The next morning, the stranger reveals his name is Michael, and Simon offers him work as his assistant. A year passes, and Simon, largely due to Michael’s assistance, becomes successful and well-off, with people from across the district going to Simon to buy their shoes. One day, a gentleman arrives at Simon’s hut with expensive leather and asks Simon to make boots that will last for a year without losing shape or coming undone. If he accepts the job but the boots do not last, he will be thrown in prison. Simon asks Michael if he should accept the work, and Michael says yes.

While Simon measures the gentleman, Michael appears to see something behind the gentleman that causes him to smile. After the gentleman departs, Matryona and Simon remark on his impressive figure and how he seems like he will never die.

Simon begins work on the boots, asking Michael to cut the leather. Michael does so, but instead of cutting the leather for boots, he cuts it into the shape of soft slippers. As Simon begins to panic over the wasted leather, the lord’s servant returns, telling Simon that the lord died in the carriage on the way home. He requests that instead of boots, he now use the leather to make soft slippers for the corpse. Michael hands over the slippers he made and the servant departs.

Years pass until Michael has been with Simon and Matryona for six years. One day, a finely dressed woman with two small girls, one of whom walks with a limp, arrives at the hut. Michael appears to recognize the girls, though they do not seem to know him. The woman orders shoes for both girls and tells the story of how she came to adopt them. Their father died before they were born, and their mother died less than a day after. When the mother died, she fell onto one of them, leaving her with a limp. The woman was the only one in the village who had a baby at the time, so she took them in. As the years passed and her own child died, she grew to love the two girls as her own. Matryona remarks that the old proverb is true: “One may live without father or mother, but one cannot live without God” (Part 9, paragraph 4). As the conversation continues, a light suddenly falls on Michael, and he appears to be glowing, smiling for a third time.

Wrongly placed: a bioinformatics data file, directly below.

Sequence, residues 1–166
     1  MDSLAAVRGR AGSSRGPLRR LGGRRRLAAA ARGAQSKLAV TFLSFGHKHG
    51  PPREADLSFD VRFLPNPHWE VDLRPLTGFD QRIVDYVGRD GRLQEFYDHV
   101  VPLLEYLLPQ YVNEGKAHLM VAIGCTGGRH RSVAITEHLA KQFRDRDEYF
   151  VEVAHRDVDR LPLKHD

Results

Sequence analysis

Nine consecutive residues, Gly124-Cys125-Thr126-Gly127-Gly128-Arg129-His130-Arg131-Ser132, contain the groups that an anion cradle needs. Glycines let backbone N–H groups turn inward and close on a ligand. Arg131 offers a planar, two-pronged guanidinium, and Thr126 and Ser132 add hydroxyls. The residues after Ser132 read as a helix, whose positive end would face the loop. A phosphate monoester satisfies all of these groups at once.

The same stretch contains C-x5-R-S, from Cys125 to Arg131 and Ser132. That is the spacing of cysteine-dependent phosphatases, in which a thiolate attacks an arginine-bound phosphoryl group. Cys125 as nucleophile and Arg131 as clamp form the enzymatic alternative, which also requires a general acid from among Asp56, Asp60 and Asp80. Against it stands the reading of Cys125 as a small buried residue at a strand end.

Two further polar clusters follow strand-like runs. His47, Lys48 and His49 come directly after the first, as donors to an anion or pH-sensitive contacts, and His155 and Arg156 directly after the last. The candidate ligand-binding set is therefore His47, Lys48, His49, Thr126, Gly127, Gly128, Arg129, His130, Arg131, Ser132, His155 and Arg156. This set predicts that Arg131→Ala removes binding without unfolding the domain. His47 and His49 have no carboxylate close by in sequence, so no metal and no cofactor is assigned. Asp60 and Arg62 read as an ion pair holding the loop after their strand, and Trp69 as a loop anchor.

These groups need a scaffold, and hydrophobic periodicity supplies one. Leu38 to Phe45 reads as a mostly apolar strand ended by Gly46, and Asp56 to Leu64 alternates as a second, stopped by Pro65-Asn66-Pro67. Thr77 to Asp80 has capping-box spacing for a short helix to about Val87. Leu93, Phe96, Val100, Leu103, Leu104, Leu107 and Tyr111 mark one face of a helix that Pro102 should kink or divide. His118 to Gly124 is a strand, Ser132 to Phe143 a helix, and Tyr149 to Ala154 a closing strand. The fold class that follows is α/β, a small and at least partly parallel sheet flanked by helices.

After the woman departs, Michael approaches Simon and Matryona and proclaims that God has forgiven him. Simon asks how he angered God, and Michael recounts how he was an angel, the very angel sent to collect the soul of the mother of the two girls they had just met. Saddened by her plight, he returned to God without taking the mother’s soul. God bade him return to take the mother’s soul and learn three truths: “What dwells in man, What is not given to man, and What men live by” (Part 10, paragraph 5). As the mother’s soul rose to God, Michael fell to Earth, landing at the shrine where Simon found him.

Michael says that at first, both Simon and Matryona were terrifying to him, but once they began to help him, they became alive and taught him the first truth: What dwells in a man is Love. Years passed, and when the gentleman came to order boots, Michael saw the angel of death standing behind him. This prompted him to make the slippers and taught him the second truth: What is not “given to man is to know his own needs” (Part 11, paragraph 4). The reappearance of the twin girls whose mother’s death set him on this journey showed him that despite their mother’s plea, they were living good lives without either parent. This, Michael says, showed him the last truth: What men live by is God.

He once again proclaims his new understanding and the goodness of men living in harmony and working together. Announcing that “He who has love, is in God, and God is in him, for God is love” he at last ascends to heaven (Part 12, paragraph 4).